Hello from the Netherlands!
I apologize in advance for my ignorance; I know very little about electronics and programming. But I am eager to learn, and the Arduino seems a great thing to start with!
Anyway, I am in the process of building a controlled environment to experiment with growing strawberries. More particularly, I want to experiment with 5mm LEDs as growlights, and the effect of different wavelengths on the plant and fruit. For this purpose, I will construct two grow rooms, each with their own lighting and temperature control.
This is not a school project, and no, even though I'm from the Netherlands, I will not use this to grow weed. I don't smoke or do drugs and even if I did it would be much cheaper to just buy the stuff! :P
Anyway, I will start with one growlight, with about 500 LEDs in 8 different colours (50 blue, 50 royal blue, 50 green, 50 yellow, 50 orange, 150 red, 50 deep red, 50 far red). I would like to independently drive the different colours with an Arduino. If it works well, I will build the second (probably identical) light and upgrade the Arduino for extra outputs, possibly an LCD, etc.
I think I'll use one pin from an Arduino per array of one colour, using a transistor per ~50 LEDs (three transistors for the red LEDs on one pin). Each array of ~50 LEDs is hooked up series/parallel using the LED wizard from http://led.linear1.org/led.wiz for help.
I could use the Arduino's PWM pins to dim some of the channels. I'm not sure if it's possible to create a similar signal on the non-PWM digital pins but I would like to dim them in a similar manner.
Also, I would like to control the temperature in the growing environment using a simple temperature sensor or thermistor and one or more 12V computer fans.
If I can get the first light and the temperature control to work well, I would like to expand the system to a second 'chamber'; hooking up an additional ~8 channels of LEDs, another temperature sensor and some fans.
I hope to power the system from 12V DC. I'm not sure if it's easy to implement, but it would be nice if I could read out the amount of current going in.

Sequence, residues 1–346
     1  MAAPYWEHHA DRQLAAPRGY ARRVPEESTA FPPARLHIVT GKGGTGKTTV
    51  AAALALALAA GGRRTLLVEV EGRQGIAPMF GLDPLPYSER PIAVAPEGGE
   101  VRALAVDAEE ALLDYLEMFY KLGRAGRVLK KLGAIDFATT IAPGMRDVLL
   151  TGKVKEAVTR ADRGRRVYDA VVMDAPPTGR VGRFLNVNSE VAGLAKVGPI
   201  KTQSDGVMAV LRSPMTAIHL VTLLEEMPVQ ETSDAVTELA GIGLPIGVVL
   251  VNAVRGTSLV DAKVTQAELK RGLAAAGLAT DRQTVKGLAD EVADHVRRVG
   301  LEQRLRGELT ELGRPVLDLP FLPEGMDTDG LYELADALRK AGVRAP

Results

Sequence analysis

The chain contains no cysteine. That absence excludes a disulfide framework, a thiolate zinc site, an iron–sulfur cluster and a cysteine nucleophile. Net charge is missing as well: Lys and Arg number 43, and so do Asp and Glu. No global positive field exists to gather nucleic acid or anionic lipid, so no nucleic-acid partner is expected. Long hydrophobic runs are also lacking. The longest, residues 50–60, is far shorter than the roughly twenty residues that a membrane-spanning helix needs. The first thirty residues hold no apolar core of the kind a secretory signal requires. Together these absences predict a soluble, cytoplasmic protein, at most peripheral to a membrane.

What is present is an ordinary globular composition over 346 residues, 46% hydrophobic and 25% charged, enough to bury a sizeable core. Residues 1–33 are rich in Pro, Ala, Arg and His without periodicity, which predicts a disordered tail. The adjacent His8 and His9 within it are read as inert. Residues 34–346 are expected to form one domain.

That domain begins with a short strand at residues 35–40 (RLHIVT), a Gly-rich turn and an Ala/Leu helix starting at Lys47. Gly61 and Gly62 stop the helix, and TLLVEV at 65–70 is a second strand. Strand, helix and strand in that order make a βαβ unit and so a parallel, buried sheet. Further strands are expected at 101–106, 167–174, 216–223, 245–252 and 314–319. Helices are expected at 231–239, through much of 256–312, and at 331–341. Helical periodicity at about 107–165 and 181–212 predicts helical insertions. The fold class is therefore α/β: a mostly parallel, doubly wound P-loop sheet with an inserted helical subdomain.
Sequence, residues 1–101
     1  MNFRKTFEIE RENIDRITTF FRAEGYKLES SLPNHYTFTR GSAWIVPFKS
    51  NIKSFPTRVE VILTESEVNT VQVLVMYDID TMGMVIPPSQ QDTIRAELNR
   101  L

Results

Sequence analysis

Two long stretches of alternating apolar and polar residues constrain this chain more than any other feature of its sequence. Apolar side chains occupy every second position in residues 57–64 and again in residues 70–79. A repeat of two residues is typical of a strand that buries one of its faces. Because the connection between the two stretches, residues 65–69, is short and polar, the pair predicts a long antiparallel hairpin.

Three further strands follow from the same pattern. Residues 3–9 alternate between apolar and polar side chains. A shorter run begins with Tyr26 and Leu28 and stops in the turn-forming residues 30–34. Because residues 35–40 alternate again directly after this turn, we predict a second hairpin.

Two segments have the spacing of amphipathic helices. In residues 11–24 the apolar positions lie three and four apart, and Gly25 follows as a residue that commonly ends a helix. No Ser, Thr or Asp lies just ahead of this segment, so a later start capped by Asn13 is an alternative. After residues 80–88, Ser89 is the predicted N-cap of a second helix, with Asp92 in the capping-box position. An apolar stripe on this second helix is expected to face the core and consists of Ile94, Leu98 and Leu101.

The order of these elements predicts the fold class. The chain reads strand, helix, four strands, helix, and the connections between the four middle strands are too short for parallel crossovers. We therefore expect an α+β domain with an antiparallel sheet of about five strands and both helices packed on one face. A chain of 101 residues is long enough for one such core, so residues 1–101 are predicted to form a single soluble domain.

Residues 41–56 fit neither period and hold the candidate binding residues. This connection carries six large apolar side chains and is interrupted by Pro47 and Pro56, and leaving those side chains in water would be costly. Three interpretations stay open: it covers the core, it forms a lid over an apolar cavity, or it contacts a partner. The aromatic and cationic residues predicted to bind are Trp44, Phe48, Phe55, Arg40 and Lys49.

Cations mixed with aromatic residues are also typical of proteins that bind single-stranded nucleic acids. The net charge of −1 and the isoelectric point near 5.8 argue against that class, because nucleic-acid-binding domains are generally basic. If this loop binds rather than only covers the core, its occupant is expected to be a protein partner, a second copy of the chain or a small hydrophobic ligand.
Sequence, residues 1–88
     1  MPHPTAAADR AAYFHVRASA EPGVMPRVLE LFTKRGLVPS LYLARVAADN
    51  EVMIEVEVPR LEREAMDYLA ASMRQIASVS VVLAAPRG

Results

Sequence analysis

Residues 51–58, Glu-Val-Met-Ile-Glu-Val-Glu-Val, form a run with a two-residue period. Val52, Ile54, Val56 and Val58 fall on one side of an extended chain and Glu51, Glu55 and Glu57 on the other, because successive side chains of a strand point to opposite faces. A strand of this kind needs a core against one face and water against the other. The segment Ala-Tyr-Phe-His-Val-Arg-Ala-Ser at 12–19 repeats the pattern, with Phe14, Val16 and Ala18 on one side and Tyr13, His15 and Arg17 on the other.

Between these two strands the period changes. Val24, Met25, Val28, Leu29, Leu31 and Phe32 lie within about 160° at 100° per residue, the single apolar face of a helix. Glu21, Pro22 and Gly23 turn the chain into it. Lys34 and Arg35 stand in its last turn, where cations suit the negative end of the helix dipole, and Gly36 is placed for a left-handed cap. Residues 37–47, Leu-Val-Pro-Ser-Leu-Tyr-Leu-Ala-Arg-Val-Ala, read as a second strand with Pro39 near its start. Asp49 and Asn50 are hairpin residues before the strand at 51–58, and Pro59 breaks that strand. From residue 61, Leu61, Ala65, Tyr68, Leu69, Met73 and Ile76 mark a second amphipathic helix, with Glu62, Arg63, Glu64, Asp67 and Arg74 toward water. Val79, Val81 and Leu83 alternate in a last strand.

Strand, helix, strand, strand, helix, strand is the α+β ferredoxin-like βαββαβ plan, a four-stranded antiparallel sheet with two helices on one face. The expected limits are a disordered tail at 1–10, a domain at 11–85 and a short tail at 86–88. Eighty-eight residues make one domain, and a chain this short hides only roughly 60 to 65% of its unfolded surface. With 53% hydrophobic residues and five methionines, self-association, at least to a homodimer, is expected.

I've read on this forum that it is possible to interface the Arduino with an SD card to store data. I am very much interested in this idea, because it would allow me to log the temperatures and the current used, without the need for an external computer being on all the time. However, this takes up 4 of the Arduino outputs (2 PWM).
I've also seen Arduino's hooked up to an LCD display. Together with a couple of buttons or potentiometers, this would allow me to monitor and control important aspects of the environment without having to interface with a computer and reset the Arduino. Is it possible to use the LCD and buttons from Nuelectronics' LCD Keypad for this? If I get that shield, that would take up port 4-9, and together with the SD card interface it would leave only 2 digital pins and the analog inputs. So if I want the LCD and SD card, I'll have to get a second chip to get enough digital outputs for the LEDs. I'll start out with one light and one Arduino, and if I can get that to work well I'll start adding things.
For the final thing, I'm thinking about the following layout: Bottom: Arduino/Freeduino board (master, powering LCD and SD) Middle: Protoshield(s?) with additional Atmega168 (slave, powering LEDs and fans) and a cable for an SD card Top: LCD shield
Inputs: Temperature sensors: 2x Buttons or potentiometers: 6x Current sensor?: 1x
Outputs: LEDs: 16x (dimmable, preferably PWM, 50-150 LEDs per channel) LCD display: Pin 4-9 SD card interface: Pin 10-13 Fans: 2-6x
I have a couple of questions, though. 1. Is it possible to read out the current supplied to the system, and does the fact that much of the load is PWM make this difficult? 2. Is it possible to dim the LEDs on non-PWM pins with a PWM-like signal? 3. Is the Arduino powerful enough to monitor sensors and buttons every second or so, send instructions to another chip (to control the LEDs), react to the data and log the it to an SD card, and also put out some of the data to an LCD? 4. Would the code for all that fit in the internal memory; ie is it a good idea to get an Atmega328 chip as master instead of an Atmega168?
In any case, this is a pretty ambitious project for somebody without any experience in electronics, but I am really looking forward to it! Thanks in advance for any help, and thanks for sharing so much valuable information on this forum (I've spent a couple of hours reading here already)! :)